Josiah Bartlett was a Congregationalist.
He was identified as a Congregationalist by The Congregationalist Library. (Source: Ian Dorion, "Table of the Religious Affiliations of American Founders", 1997).
From: Robert G. Ferris (editor), Signers of the Declaration: Historic Places Commemorating the Signing of the Declaration of Independence, published by the United States Department of the Interior, National Park Service: Washington, D.C. (revised edition 1975), page 39-41:
Thanks to the voting order in the Continental Congress, Josiah Bartlett of New Hampshire was probably the first Delegate to vote for independence, the second to sign the Declaration (after President John Hancock), and the first to ballot for and pen his name to the Articles of Confederation. He also has the distinction of being one of several physician signers. His State service, more extensive than the National, included the governorship...Note that numerous sources and authoritative references have been consulted in order to ascertain the religious affiliation of the American Founding Fathers. Note that the excerpts and references mentioned on this page are not the only references used in order to identify this person's religious affiliation.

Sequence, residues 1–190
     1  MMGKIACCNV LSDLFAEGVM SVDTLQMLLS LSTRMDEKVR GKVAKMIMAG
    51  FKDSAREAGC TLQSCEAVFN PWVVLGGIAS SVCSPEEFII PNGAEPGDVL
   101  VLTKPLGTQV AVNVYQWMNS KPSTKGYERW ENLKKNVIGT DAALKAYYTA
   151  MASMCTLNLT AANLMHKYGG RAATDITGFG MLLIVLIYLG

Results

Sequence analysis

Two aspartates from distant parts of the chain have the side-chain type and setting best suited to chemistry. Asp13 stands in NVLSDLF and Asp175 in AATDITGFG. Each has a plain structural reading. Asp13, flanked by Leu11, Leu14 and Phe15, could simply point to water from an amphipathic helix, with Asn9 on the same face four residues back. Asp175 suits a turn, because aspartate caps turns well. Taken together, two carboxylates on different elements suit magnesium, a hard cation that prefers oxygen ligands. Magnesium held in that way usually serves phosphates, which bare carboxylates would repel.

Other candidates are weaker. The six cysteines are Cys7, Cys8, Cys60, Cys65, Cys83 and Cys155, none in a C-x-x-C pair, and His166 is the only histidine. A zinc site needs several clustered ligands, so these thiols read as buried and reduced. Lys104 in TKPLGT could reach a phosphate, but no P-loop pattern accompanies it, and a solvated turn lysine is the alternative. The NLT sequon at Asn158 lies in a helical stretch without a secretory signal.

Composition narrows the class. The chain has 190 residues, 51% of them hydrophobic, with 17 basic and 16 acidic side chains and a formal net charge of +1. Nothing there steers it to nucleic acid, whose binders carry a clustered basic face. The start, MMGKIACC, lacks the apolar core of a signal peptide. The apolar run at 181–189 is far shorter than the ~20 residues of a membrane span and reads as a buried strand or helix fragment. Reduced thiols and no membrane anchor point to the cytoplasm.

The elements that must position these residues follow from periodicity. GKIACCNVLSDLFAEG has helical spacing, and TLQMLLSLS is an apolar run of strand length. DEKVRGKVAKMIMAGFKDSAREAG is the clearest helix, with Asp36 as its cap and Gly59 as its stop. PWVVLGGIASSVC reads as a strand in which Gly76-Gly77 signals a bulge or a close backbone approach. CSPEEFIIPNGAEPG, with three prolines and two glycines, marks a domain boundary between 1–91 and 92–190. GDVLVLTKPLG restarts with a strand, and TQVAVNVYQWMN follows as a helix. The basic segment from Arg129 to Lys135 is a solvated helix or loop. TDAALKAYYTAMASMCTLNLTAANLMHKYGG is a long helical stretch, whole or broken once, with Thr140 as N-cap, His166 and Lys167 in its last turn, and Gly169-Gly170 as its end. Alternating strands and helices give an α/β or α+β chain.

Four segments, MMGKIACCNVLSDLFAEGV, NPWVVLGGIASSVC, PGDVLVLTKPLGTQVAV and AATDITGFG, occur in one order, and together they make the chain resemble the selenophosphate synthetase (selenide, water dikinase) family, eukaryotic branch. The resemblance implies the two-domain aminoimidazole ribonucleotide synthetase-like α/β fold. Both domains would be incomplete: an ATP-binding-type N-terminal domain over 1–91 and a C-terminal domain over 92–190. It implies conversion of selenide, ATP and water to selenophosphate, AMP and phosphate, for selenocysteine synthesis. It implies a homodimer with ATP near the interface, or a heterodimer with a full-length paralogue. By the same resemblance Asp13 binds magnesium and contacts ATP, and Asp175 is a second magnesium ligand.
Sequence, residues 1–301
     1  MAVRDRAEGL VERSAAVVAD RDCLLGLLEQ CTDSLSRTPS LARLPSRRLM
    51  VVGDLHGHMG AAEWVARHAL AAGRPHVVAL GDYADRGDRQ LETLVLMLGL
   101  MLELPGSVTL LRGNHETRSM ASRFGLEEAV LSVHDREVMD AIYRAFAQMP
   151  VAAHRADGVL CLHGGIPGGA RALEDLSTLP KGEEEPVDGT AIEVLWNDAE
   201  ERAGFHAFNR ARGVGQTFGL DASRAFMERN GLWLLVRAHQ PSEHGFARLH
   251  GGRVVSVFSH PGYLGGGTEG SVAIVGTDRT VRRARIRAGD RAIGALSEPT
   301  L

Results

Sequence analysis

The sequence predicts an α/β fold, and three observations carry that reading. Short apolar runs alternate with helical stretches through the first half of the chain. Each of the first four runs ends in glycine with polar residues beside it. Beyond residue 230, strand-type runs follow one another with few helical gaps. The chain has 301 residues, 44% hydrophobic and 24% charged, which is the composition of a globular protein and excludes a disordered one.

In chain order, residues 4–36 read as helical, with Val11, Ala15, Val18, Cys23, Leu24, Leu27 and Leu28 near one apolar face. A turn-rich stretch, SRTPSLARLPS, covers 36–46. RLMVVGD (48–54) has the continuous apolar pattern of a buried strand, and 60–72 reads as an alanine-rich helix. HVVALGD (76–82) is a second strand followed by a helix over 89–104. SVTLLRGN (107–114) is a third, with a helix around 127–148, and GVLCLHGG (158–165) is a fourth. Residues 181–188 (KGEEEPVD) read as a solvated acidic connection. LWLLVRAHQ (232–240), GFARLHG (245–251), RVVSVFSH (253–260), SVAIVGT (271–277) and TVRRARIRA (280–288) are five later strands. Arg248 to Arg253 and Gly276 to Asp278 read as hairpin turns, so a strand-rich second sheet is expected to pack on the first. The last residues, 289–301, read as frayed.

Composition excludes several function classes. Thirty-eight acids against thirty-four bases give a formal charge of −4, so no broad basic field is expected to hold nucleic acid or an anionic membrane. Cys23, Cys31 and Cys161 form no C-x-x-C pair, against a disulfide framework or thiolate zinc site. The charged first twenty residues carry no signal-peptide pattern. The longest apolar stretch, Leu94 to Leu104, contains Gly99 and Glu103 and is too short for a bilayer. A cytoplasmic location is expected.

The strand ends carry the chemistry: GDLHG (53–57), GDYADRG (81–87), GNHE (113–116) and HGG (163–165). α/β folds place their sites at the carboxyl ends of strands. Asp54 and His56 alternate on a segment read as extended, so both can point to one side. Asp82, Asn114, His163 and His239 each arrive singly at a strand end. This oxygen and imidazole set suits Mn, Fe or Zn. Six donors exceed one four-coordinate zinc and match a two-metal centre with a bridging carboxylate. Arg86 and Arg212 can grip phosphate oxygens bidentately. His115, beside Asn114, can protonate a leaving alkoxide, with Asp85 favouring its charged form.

In 1794, the year before he died in Kingston at the age of 65, ill health forced his retirement from public life. His remains lie in the yard of the Universalist Church in Kingston.